Every time I turn around I see more layoffs and terminations.
I know a lot of you are lone wolf gunslingers, but for those who seek safety in numbers the lay of the land looks pretty rocky:
Mayer Brown: 33 attorneys and 55 support staff gone.
Brown Rudnick: 20 attorneys, 20 staff members and three paralegals gone.
Squire, Sanders & Dempsey: 30 attorneys and staff members gone.
The layoff toll keeps rising, and that was the bad news from a single day last week.The past week was particularly grim for law firms, which is saying a lot considering that the past two months have seen quite a few major firms struggle as the economy continues to tailspin. Not only were associates and staff members cut loose, but several firms took some unique steps to reduce expenses as they head into a 2009 that looks to be financially difficult.
DLA Piper, the nation’s largest firm, said that it would ask income partners to contribute capital into the firm — which it has never done before — to help reduce its reliance on bank credit. On top of that, the firm will reduce monthly payments to some of its top equity partners in the United States. The changes still must be approved by partners in December but are expected to take effect in January.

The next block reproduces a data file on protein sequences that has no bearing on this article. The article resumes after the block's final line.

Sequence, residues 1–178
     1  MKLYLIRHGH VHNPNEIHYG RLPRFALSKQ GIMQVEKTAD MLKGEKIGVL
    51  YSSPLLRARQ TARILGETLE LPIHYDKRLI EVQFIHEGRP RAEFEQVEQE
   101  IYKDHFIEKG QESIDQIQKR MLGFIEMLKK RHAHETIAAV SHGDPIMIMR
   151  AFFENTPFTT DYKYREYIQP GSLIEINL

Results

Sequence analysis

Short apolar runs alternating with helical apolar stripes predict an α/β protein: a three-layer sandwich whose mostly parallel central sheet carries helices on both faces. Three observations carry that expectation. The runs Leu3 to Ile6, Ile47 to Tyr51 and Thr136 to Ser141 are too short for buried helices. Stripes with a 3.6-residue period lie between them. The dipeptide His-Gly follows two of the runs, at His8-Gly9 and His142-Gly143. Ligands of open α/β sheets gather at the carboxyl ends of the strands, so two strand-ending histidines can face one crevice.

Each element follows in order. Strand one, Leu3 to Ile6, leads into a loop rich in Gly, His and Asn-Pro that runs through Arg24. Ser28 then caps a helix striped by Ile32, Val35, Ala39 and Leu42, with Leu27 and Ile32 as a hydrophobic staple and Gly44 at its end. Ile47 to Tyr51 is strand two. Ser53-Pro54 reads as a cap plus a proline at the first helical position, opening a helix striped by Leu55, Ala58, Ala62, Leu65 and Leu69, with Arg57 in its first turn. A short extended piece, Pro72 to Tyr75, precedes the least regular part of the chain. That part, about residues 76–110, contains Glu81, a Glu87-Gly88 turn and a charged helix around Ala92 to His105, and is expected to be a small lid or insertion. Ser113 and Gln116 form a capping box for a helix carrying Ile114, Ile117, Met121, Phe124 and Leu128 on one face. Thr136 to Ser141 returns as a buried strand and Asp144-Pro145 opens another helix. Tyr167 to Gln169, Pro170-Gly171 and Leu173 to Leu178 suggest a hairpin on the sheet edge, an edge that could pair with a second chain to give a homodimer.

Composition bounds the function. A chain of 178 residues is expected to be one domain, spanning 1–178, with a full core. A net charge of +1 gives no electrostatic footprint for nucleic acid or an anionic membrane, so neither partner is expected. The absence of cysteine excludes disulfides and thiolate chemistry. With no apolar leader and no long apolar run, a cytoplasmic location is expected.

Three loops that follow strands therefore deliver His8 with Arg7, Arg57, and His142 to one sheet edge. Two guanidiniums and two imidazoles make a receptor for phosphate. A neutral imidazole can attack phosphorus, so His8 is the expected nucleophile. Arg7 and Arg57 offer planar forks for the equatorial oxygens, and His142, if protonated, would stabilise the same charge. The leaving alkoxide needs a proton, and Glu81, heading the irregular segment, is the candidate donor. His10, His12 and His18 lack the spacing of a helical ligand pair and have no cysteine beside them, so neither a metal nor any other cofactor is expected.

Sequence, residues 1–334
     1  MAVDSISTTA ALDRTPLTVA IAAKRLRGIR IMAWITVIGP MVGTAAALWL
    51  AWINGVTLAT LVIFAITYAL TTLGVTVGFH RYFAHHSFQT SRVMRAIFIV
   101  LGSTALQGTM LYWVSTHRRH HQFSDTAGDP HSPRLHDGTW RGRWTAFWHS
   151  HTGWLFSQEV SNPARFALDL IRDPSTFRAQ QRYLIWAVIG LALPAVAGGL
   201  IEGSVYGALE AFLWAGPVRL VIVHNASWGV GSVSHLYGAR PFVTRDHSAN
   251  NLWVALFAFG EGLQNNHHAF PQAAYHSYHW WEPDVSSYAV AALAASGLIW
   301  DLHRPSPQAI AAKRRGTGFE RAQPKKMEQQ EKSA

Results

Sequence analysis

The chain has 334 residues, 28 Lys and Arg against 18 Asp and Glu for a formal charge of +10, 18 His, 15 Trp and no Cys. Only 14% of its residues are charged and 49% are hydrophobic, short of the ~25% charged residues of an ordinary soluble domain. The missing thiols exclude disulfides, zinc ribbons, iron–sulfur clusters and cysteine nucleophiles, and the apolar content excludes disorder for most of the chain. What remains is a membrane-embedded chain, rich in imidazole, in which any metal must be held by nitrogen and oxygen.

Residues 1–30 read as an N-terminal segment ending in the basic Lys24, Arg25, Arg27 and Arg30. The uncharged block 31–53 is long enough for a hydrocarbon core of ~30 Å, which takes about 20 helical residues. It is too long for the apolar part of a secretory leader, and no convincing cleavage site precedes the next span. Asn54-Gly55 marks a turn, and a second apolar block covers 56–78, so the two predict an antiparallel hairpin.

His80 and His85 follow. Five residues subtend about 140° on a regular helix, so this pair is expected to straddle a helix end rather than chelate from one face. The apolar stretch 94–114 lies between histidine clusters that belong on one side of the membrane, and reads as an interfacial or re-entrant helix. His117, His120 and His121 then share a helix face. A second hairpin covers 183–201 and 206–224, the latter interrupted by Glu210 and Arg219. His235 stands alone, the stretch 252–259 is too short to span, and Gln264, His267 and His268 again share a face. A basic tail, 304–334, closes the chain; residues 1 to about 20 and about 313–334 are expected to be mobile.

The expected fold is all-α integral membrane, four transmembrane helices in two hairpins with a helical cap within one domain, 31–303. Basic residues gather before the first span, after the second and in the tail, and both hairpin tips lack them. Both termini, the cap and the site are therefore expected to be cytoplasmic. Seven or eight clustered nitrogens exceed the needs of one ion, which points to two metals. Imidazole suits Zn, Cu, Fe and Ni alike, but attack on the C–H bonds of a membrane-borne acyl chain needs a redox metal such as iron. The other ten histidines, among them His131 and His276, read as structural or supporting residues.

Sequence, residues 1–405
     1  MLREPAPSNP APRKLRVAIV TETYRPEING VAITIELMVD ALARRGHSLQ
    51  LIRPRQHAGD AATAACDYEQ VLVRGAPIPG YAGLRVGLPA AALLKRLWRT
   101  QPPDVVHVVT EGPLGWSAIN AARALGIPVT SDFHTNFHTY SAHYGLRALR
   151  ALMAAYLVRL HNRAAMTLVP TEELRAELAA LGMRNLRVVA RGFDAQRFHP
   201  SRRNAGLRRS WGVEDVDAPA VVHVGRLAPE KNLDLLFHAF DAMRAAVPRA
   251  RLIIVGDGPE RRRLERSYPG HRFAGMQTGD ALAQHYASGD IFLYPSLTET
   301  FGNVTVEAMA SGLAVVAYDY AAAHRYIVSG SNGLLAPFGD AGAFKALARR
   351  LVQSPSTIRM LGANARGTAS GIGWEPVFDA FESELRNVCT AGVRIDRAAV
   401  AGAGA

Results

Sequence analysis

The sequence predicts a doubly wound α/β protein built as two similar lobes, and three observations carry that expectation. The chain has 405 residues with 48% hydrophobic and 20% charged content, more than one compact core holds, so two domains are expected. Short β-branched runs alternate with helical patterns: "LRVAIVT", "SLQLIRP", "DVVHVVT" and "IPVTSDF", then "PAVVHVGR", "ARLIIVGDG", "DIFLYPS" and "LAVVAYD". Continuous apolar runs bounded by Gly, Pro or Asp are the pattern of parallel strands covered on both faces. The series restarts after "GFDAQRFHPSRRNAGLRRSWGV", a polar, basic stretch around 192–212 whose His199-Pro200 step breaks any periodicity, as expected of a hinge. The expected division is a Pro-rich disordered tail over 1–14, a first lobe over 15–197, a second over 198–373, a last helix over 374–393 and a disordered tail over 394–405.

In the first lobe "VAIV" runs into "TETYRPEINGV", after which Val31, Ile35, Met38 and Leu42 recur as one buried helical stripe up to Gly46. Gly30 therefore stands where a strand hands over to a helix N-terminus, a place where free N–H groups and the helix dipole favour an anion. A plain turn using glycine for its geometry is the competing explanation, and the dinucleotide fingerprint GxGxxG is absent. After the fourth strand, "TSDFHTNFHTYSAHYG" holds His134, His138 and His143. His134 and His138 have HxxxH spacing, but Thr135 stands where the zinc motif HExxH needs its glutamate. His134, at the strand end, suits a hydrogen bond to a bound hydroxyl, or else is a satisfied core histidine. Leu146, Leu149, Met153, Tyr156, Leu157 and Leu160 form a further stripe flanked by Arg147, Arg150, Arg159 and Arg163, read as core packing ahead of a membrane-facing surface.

Raises and bonuses appear to be the next areas in which firms are looking to save. Bryan Cave said last week that it is pushing back associate and staff raises to April. They are typically given at the beginning of each new year. Additionally, the firm is canceling its shared-fee program, in which associates are paid a bonus for bringing in new clients. Discretionary staff bonuses for 2008 also are gone.
Cravath, Swaine & Moore told associates last week that year-end bonuses will be less than those paid in 2007 and 2006. At least one other firm has delayed distributing bonuses until 2009 in order to see where its finances stand at the end of 2008.
Still, associates at large law firms may just feel lucky to have a job. Last week’s layoffs came on the heels of several other large attorney purges. Just days prior, White & Case bid adieu to 70 associates and counsel and about 90 staffers, and Orrick, Herrington & Sutcliffe laid off 40 attorneys and 35 staff members. Several other firms made smaller job reductions.
Some firms are even moving their lawyers overseas — sayonara!
So what’s a laid-off lawyer to do? Well, every door closing is another door opening.
BTW, I have suddenly found religion.
Maybe things are looking up after all.